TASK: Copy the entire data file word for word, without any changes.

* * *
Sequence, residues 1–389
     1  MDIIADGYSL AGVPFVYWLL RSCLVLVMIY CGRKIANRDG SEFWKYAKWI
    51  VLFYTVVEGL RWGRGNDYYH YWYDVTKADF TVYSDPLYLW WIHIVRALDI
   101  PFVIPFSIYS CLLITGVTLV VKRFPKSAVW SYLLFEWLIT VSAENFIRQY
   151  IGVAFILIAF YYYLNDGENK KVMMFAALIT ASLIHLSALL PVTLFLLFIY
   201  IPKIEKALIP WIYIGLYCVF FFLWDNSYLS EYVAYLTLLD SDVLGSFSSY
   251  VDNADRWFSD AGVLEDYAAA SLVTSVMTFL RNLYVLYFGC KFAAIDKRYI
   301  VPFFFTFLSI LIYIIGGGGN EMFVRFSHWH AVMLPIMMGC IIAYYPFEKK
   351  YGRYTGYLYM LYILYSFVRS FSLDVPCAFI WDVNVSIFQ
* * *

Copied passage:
Sequence, residues 1–389
     1  MDIIADGYSL AGVPFVYWLL RSCLVLVMIY CGRKIANRDG SEFWKYAKWI
    51  VLFYTVVEGL RWGRGNDYYH YWYDVTKADF TVYSDPLYLW WIHIVRALDI
   101  PFVIPFSIYS CLLITGVTLV VKRFPKSAVW SYLLFEWLIT VSAENFIRQY
   151  IGVAFILIAF YYYLNDGENK KVMMFAALIT ASLIHLSALL PVTLFLLFIY
   201  IPKIEKALIP WIYIGLYCVF FFLWDNSYLS EYVAYLTLLD SDVLGSFSSY
   251  VDNADRWFSD AGVLEDYAAA SLVTSVMTFL RNLYVLYFGC KFAAIDKRYI
   301  VPFFFTFLSI LIYIIGGGGN EMFVRFSHWH AVMLPIMMGC IIAYYPFEKK
   351  YGRYTGYLYM LYILYSFVRS FSLDVPCAFI WDVNVSIFQ